GM-CS levels were found to be lower in the sputum of severe asthma patients with bronchiectasis. GM-CSF (also known as CSF2) is a multifunctional inflammatory mediator. Together with IL-5, it partially modulates the Th2 pathway, promoting the accumulation and survival of eosinophils in allergic inflammation in asthma subjects.21 The role of GM-CSF in the priming, activation and survival of neutrophils has also been reported.22 Neutrophilic inflammation is widely recognized in bronchiectasis. As primary components of the innate immune cell system, neutrophils are primary mediators of the rapid innate host defense, reacting immediately against airway infection. In an in vitro study, Ruchaud-Sparagano et al.23 suggested that GM-CSF significantly improves neutrophil phagocytic capacity in blood in patients with idiopathic bronchiectasis. Furthermore, a study in mouse models confirmed that GM-CSF maintains normal pulmonary physiology and resistance to local infection, and plays an essential role in host defenses.24 GM-CSF may also have a critical role in mediating the Th2 allergic inflammation pathway.25 In our study, the lower levels of this cytokine may have led to an impairment of the neutrophil function in asthma patients with bronchiectasis. In this context, we must note that our bronchiectasis patients presented more exacerbations, a finding that may be related to the diminished response of neutrophils driving a vicious circle that would favor the appearance of new episodes of bronchiectasis. Further studies of these CSF subtypes in well-characterized asthma phenotypes are now required to strengthen our understanding of the immunological mechanism.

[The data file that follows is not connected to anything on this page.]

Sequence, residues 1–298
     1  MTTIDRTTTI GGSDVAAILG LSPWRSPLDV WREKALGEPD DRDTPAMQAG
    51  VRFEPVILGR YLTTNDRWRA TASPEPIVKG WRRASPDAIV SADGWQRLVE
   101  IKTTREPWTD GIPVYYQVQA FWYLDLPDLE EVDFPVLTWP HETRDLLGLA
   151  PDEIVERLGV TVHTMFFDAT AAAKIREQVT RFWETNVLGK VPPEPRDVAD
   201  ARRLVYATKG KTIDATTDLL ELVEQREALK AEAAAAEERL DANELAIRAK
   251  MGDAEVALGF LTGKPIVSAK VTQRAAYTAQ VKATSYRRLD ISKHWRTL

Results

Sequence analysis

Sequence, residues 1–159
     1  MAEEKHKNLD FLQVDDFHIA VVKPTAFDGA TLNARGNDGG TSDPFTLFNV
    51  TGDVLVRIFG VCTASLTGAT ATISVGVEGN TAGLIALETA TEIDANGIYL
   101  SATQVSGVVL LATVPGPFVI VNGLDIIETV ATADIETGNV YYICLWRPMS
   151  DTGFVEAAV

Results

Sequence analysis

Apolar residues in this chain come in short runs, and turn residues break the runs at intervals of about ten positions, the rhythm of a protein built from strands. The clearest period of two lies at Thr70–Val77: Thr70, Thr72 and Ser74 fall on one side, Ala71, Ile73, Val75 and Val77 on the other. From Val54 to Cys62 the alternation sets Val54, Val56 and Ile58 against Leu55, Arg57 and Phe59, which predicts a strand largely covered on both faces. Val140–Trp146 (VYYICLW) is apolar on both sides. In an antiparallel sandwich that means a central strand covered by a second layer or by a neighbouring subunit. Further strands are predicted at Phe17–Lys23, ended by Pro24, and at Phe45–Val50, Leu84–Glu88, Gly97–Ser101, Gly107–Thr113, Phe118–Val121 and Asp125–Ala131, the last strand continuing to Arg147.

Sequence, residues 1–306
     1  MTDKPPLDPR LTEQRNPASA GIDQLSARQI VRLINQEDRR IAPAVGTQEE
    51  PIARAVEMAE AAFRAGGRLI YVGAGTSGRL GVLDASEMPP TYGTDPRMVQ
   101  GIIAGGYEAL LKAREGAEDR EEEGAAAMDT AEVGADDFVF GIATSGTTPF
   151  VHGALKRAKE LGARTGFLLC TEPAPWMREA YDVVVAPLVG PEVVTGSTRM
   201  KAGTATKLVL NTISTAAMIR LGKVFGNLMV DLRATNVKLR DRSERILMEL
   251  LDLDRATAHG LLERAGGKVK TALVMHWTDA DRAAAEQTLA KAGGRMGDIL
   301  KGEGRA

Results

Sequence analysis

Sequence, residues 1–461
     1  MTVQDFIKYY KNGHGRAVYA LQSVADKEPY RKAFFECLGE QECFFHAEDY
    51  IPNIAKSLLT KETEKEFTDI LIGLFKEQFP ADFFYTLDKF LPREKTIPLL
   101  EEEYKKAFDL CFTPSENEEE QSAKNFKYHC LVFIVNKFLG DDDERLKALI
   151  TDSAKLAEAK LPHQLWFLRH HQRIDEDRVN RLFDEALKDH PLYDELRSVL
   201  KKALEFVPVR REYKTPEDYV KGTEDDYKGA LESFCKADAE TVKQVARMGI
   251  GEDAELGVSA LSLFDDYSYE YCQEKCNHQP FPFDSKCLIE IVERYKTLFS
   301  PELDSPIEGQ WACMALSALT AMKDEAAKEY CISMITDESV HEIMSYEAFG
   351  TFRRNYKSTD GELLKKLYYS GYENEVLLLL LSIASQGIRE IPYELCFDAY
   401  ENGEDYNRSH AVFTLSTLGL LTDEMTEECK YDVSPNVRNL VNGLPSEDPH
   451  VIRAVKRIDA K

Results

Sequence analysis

Interferon-gamma (IFN-γ) is a marker of Th1 pathway inflammation. Increased expression of this cytokine has been demonstrated in severe asthma in comparison to mild and moderate asthma.26 Duvall et al.26 found that severe asthma patients had high ratios of Th1-enriched CD4+ T cells to natural killer (NK) cells in bronchoalveolar lavage liquid compared with non-severe asthma patients and heathy controls. Moreover, studies conducted in children have shown severe asthma to be associated with higher production of IFN-γ in bronchoalveolar lavage cells. In house dust mite-sensitized mouse models of asthma, IFN-γ seems to contribute to epithelial disruption if the T cell myeloid IL-10 axis is blocked.27 Moreover, IFN-γ seems to suppress the function of the secretory leukocyte protease inhibitor (SLPI), a protein that exhibits antimicrobial activity and is thought to play a critical role in mucosal defense.28 The secretory leukocyte protease inhibitor was inversely correlated with IFN-γ expression.29 The balance between proteolytic enzymes (proteases, including elastases) and their inhibitors (proteinase inhibitors) also can be an underlying mechanism of bronchiectasis.6 Overexpression of these cytokines may reflect major Th1 pathway inflammation with an increased risk of altering the normal physiological defense mechanism and proteolytic effect.